As I read this article, I ended up just inserting the phase “market for legal services” when the author said something like “the economy” or “the middle class.” In other words, the legal services industry has a number of the properties present in the overall economy. Indeed, there are two distinct trends at play – one is cyclical and the other is structural. The cyclical downturn in the market for legal services is related to broader economic conditions. Thus, the downturn in demand specifically associated with the broader business cycle will abate once broader economic conditions improve. The structural portion of the downturn is permanent and those jobs will not return.
Markets are not pleasant places – particularly when a mismatch develops between the skills / products that purchasers demand and the products / skills offered by sellers. Indeed, while there is an “equilibrium” solution – the question is on what time-scale it will be obtained. In the short to medium term, disruption is likely to be the name of the game. This market is in transition and as such this is a period that simultaneously offers both peril and possibility. Those who adapt to the conditions, who are entrepreneurial will do quite well. Others will have great difficulty. < Transition = peril for some ; Transition = Arbitrage opportunity for others >
As law’s information revolution continues to unfold, place your respective bets on folks who can blend skills such as data science, informatics, computer science / artificial intelligence, engineering, etc. with more traditional law pursuits. There is already some serious income inequality in the legal services market. There is good reason to believe this gap is likely to expand. Technology is going displace lawyers and the $$ for the displacing technologist will be directly proportionate the #’s of folks he/she displaces. In this vein, our industry is (unfortunately) just like every other industry.
It is important not to be fatalistic and to emphasize how individuals and institutions can respond. Students with a background in science and technology (rather than say the humanities, etc.) are likely to have a significant advantage in law’s information revolution. Institutions can help level this playing field by offering their students the requisite skills training necessary to be competitive within this new ordering. For example, at my new home – Michigan State University – College of Law – I will be teaching Quantitative Methods for Lawyers – a Winter 2012 course that will help students develop a number of relevant skills ( beyond those in the traditional statistics and the law course ). Indeed, although similar in some respects, I am positive this course will prove to be quite different ( and hopefully better? ) than any quantitative methods course currently offered at an American law school. Either way, my goal is help put the students who take the course on the path to becoming the skill blender that the market is likely looking to hire.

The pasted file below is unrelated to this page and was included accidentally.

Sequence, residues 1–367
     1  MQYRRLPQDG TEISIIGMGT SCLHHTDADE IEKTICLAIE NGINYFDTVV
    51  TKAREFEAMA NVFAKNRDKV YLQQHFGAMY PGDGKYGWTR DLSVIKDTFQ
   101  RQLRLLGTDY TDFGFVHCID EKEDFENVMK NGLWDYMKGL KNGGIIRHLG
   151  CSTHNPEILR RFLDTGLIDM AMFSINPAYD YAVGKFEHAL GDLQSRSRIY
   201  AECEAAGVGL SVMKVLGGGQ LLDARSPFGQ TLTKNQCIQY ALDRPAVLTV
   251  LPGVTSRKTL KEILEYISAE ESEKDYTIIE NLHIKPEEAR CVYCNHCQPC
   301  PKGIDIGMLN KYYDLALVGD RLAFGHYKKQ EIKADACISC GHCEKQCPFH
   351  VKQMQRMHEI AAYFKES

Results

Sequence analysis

Here are the modules that I plan to offer in the Winter 2012 course:
- 1. Motivating the Need for Quantitative and Analytical Thinking
- 2. Research Design
- 3. Introduction to Probability & Basic Statistics
- 4. Introduction to Regression Analysis
- 5. Analogical Reasoning, Collaborative Filtering and the Science of Similarity
- 6. Research Design Revisited: Science (and Pseudo-Science) in the Courtroom
- 7. Regression Analysis and its use in the Law
- 8. Quantitative Legal Prediction
- 9. Network Analysis, Computational Linguistics, Clustering Algorithms (and the other Nuts and Bolts of E-Discovery), etc.
- 10. Mathematical and Computational Modeling
- 11. Legal Automation, Computation and the Law Practice of the Present (and Not So Distant Future)